Computational Intelligence in Aerospace Sciences


In an expanding world with limited resources and increasing complexity, optimisation and computational intelligence become a necessity. Optimisation can turn a problem into a solution and computational intelligence can offer new solutions to effectively make complexity manageable.

All this is particularly true in space and aerospace where complex systems need to operate optimally often in harsh and inhospitable environment with high level of reliability.  In Space and Aerospace Sciences, many applications require the solution of global single and/or multi-objective optimization problems, including mixed variables, multi-modal and non-differentiable quantities. From global trajectory optimization to multidisciplinary aircraft and spacecraft design, from planning and scheduling for autonomous vehicles to the synthesis of robust controllers for airplanes or satellites, computational intelligence (CI) techniques have become an important – and in many cases inevitable – tool for tackling these kinds of problems, providing useful and non-intuitive solutions. Not only have Aerospace Sciences paved the way for the ubiquitous application of computational intelligence, but moreover, they have also led to the development of new approaches and methods.

In the last two decades, evolutionary computing, fuzzy logic, bio-inspired computing, artificial neural networks, swarm intelligence and other computational intelligence techniques have been used to find optimal trajectories, design optimal constellations or formations, evolve hardware, design robust and optimal aerospace systems (e.g. reusable launch vehicles, re-entry vehicles, etc.), evolve scheduled plans for unmanned aerial vehicles, improve aerodynamic design (e.g. airfoil and vehicle shape), optimize structures, improve the control of aerospace vehicles, regulate air traffic, etc.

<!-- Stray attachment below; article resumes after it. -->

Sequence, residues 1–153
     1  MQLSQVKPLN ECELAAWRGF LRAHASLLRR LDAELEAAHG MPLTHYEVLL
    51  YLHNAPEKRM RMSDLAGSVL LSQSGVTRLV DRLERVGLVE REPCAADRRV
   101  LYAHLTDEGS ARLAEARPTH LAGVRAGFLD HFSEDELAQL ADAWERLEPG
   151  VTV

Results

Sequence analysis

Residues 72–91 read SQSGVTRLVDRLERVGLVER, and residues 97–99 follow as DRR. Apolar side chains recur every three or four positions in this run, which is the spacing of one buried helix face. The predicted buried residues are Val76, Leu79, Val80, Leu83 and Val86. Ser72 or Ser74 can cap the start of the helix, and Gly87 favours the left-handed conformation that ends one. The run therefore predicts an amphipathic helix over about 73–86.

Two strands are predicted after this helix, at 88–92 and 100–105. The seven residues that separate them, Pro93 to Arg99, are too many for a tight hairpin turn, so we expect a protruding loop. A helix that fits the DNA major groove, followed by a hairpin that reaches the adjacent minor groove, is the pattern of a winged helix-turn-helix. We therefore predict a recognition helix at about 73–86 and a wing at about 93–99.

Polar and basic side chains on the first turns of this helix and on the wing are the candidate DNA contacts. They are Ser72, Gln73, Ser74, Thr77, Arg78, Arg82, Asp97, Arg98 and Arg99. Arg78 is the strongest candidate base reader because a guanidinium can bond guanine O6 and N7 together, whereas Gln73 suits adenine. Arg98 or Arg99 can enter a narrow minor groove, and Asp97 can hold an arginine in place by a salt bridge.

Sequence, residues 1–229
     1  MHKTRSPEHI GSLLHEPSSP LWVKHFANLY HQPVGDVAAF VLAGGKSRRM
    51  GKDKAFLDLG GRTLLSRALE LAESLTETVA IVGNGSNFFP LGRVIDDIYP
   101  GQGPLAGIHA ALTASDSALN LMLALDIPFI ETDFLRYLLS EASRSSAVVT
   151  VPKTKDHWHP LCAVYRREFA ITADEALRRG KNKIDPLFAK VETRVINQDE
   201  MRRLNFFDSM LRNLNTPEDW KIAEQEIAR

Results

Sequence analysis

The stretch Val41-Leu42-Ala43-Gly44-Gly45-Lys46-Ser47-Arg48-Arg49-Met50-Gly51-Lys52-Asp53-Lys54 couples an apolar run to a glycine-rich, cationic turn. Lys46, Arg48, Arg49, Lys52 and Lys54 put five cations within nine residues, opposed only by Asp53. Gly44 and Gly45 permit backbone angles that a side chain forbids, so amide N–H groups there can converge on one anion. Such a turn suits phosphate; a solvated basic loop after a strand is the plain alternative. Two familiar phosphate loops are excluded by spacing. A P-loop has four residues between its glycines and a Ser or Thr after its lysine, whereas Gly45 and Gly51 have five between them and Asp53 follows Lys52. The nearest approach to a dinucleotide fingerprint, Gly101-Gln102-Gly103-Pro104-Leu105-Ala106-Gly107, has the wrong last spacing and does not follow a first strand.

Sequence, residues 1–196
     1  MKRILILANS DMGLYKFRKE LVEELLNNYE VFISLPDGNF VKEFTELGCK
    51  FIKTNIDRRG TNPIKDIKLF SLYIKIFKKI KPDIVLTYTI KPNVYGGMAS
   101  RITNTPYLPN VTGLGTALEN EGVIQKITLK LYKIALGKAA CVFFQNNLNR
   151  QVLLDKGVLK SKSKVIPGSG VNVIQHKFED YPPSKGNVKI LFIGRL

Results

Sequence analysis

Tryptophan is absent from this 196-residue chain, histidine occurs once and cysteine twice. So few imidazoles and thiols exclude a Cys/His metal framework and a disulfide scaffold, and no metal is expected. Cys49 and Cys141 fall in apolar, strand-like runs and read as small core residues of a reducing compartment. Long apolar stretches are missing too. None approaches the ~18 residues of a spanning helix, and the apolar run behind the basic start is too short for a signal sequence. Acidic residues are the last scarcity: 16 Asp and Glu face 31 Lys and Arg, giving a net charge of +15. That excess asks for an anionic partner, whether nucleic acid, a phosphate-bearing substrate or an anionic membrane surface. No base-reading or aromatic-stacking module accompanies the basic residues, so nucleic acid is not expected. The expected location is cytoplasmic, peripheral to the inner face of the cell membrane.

In most cases, basic approaches and heuristics have been hybridized with other techniques, such as gradient methods, set oriented techniques or branch and prune methods, or modified to better adapt to the specific application under investigation. This has led to the creation of new heuristics, meta-heuristics or hybridizations that have proven very effective. However, the aerospace community and the computational intelligence community have maintained a certain degree of separation: Many aerospace problems are still poorly known to the CI community and many CI methods are not well known by the aerospace community; with the always fast evolving CI techniques slowly diffusing in the aerospace community, often as blackboxes.

This main objective of this task force is to foster the development of computational intelligence techniques and methods for the solution of space and aerospace problems and push the boundaries of mathematics and computer science to fully embrace the complexity and richness of our world.

This Task Force is under the Emerging Technologies Technical Committee

Prof. Massimiliano Vasile

Department of Mechanical & Aerospace Engineering
University of Strathclyde

Dr. Chit Hong Yam
Institute of Space and Astronautical Science
Japan Aerospace Exploration Agency
Sagamihara, Japan

 Dr Edmondo Minisci
Centre for Future Air-Space Transportation Technologies
Department of Mechanical & Aerospace Engineering
University of Strathclyde
Glasgow, UK

Dr Oliver Schuetze
Department of Ingeniería Eléctrica
Sección de Computación
Mexico City

Dr Domenico Quagliarella

Dr Liqiang Hou 
State Key Laboratory of Astronautic Dynamics
Xi'an Satellite Control Centre

Prof Victor Becerra
Cybernetics Intelligence Research Group
School of Systems Engineering
University of Reading

Dr Timos Kipouros 
Research Associate
Engineering Design Centre
University of Cambridge
Cambridge, UK

Prof Maocai Wang 
China University of Geoscience
Whan, China

Dr Annalisa Riccardi
Department of Mechanical & Aerospace Engineering
University of Strathclyde
Glasgow, UK